The headline from the New York Times sounds damning: “Rather’s Lawsuit Shows Role of G.O.P. in Inquiry.” The subhead to the article explains that Dan Rather’s lawsuit over his dismissal from CBS News “seems to have unearthed evidence of political influence in an internal CBS investigation.”
Wow. Pretty shocking. Here’s the nut graph that explains the wrongdoing:
Among the materials that money has shaken free for Mr. Rather are internal CBS memorandums turned over to his lawyers, showing that network executives used Republican operatives to vet the names of potential members of a panel that had been billed as independent and charged with investigating the “60 Minutes” segment.
Through the process of discovery, Rather obtained a memo written after the network pledged to investigate his erroneous reporting on President Bush’s National Guard service. Rather based his story, of course, on a clearly fraudulent memo that he obtained from a known partisan.
After Rather retracted the story and offered his apology, the network created an independent panel to investigate what went wrong. The smoking gun is a memo that indicated Dick Thornburgh, a former Republican Attorney General, would garner approval from G.O.P. critics as an acceptable member of the panel. Thornburgh was eventually chosen for the two-person panel along with Louis Boccardi, a former chief executive of The Associated Press.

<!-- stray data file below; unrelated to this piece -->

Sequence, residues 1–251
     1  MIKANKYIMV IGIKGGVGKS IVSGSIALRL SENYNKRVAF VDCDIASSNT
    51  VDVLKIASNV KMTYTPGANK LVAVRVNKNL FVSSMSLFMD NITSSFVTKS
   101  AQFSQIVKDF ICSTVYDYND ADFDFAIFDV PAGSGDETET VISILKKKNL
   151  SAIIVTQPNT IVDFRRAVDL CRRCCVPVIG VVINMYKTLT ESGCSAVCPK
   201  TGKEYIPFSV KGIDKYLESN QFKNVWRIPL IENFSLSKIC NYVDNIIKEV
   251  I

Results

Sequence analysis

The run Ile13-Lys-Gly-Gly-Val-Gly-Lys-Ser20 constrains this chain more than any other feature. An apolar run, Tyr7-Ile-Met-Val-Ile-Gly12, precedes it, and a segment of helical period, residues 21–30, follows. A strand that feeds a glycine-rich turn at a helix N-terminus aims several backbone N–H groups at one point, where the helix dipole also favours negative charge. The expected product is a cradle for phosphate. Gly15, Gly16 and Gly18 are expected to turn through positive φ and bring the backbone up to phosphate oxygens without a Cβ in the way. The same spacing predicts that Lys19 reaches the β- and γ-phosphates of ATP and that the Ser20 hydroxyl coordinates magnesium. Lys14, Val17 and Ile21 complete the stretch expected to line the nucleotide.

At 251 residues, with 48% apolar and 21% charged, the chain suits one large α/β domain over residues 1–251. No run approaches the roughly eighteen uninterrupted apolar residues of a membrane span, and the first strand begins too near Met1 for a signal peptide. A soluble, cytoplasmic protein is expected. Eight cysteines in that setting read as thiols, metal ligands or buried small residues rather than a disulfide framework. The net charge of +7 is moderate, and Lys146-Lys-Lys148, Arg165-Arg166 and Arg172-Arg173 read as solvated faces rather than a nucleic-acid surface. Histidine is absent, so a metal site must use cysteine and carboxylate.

Now, the process of vetting Thornburgh does clearly show the role of the GOP in the inquiry and does provide evidence of “political influence.” But, I see no alternative to this type of vetting. When selecting members for any independent panel, ideology must be taken into account. For instance, the 9/11 Commission featured five Republicans and five Democrats. Had one party outweighed the other, its results would not have been as trusted. Independent panels, by their very nature, must weigh the ideological baggage of its members. Otherwise, they aren’t independent.
Andrew Haywood says as much toward the end of this New York Times report:
Asked about the assembly of the panel in a sworn deposition, Andrew Heyward, the former president of CBS News, acknowledged that he had wanted at least one member to sit well with conservatives: “CBS News, fairly or unfairly, had a reputation for liberal bias,” and “the harshest scrutiny was obviously going to come from the right.”
Well, that seems reasonable … to everyone except Dan Rather and the editors of the New York Times.